Most of us have been watching the news coverage of the recent protests, civil unrest and government breakdowns in many of the Middle Eastern nations. My local newspaper, the Duluth News Tribune, gave an account of the events in Egypt, seen through the eyes of American tourists from Minnesota.
For most of the visit, they had a great time. Touring the pyramids, and cruising from Luxor to Aswan on the Nile River.
They returned to Cairo, and heard about the demonstrations happening downtown. Then they realized all internet and cell phone service was shut down. They saw army tanks drive into the neighborhood. The next day, they were told to stay indoors. Their hosts (niece and her husband) went to a grocery store and saw looting. The couple began packing to leave.
The couple made it to the chaotic airport, and after much trouble, they were able to join a small group of Americans and Canadians. The group stayed there all night, with the men in the group taking turns standing guard while others in the group tried to sleep. They were able to be flown out, after some arrangements were made with the U.S. State Department.
Emergency preparedness for a disaster can be for many different situations, and these riots point out another reason to be prepared in advance. Earthquakes, hurricanes, blackouts, civil unrest, tornadoes, pandemic disease, blizzards, floods and unemployment are just a few examples of things that could happen. Survivalist gear, storage food, water and proper shelter are some of the basics that could help you ride out these troubles, while keeping you safe and relatively comfortable.
Also, as mentioned in the story, you need to be prepared to stay in place or evacuate. You may have to stay at your home, office, school or you may have to grab and go. It is best to have an emergency plan for these situations, with storage food, water and sac de survie designed for different locations. These supplies can also be a great source for bartering or helping others, if needed. When chaos hits, people need the basics, but they also crave the things they love. Candy, coffee, alcohol, cigarettes, household necessities all make great items to stock up on for barter goods. Hand tools, nails, tarp and other hardware store items are also needed during power outages or emergencies.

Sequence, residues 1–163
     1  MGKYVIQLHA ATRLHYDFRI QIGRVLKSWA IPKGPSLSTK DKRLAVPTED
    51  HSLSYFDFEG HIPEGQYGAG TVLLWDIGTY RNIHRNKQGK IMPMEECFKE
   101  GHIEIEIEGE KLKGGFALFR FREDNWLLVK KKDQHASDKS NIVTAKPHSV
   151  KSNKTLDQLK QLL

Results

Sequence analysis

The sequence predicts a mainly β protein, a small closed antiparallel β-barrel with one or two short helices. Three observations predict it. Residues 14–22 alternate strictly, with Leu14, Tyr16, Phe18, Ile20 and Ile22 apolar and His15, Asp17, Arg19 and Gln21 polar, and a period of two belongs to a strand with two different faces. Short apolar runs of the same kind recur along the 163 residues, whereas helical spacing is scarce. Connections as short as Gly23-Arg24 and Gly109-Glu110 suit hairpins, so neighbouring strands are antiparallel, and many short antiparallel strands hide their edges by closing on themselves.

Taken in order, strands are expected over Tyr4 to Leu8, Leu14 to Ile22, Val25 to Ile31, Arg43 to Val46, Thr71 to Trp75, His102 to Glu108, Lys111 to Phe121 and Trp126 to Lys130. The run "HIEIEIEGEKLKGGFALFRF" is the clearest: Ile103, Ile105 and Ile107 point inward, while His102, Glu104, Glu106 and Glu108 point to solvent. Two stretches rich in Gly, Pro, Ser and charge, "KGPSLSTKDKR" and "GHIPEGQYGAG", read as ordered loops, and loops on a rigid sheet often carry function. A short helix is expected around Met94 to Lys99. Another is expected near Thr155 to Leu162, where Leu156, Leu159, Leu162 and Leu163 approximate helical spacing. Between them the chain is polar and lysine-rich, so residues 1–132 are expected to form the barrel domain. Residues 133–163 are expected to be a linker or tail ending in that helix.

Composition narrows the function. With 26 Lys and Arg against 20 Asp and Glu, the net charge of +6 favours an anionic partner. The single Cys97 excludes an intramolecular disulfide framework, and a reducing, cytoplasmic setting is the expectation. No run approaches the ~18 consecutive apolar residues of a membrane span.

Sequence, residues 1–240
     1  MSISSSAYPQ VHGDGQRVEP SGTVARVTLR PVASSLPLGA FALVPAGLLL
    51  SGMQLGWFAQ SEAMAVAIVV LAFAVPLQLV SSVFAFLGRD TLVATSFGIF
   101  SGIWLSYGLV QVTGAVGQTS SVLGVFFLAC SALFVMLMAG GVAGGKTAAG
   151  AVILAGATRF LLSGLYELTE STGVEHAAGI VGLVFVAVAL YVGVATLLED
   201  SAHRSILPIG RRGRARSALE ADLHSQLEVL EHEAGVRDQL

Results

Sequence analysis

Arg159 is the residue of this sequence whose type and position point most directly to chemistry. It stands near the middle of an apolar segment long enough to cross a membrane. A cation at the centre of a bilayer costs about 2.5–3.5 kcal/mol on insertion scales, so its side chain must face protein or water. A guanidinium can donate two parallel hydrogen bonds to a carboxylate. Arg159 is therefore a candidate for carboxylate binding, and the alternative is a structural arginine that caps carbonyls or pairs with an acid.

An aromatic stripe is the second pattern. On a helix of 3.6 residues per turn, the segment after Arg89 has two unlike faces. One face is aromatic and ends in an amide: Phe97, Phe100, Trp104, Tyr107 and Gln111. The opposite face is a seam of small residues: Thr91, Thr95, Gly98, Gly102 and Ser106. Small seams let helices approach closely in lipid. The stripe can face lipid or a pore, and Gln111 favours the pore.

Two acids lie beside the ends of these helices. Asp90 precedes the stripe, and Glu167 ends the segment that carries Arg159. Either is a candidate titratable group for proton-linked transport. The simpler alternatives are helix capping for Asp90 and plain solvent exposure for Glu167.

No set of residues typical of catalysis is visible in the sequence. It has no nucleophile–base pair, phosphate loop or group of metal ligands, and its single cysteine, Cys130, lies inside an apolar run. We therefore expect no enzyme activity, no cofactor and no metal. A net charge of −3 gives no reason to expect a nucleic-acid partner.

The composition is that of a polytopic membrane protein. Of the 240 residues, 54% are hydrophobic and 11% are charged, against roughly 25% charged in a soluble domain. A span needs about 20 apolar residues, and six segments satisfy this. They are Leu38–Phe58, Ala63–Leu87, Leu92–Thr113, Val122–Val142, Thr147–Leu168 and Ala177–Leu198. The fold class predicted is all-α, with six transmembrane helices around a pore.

U.S. grocery stores have a just in time supply of food, enough for two days maximum. Any disruption of supply chains could cause shortages, especially if people panic. Just how much food you should stock is going to be up to you. Also, it is important to consider the shelf life of the foods. Purchasing long term storage food means less care is needed in rotating the supply. The longer the shelf life of the food you store for an emergency, the less time you have to spend replenishing and rotating it. If you buy storage food with a nearly infinite shelf life, you can put it away and forget it.
Having emergency survival kits at home, the office, school or grab and go gives you a great advantage during an unexpected disaster. Should a dangerous situation arrive, this will permit you to remain in place instead of facing crowds of frantic shoppers. As people panic and get reckless, it is often safer to remain in place. Once an emergency starts, it is often too late to gather items for your checklist.
We live in a beautiful, but sometimes dangerous world. Just like insurance, we hope for the best but plan for the worst. There are many more areas to consider for emergency preparedness, such as: medical needs, security, heating and cooking to mention a few. Those are topics for another time. Remember, the most important resource you have is your brain. We are vulnerable to the dangers of this world, but with some advance preparation, we can learn to help ourselves and others.
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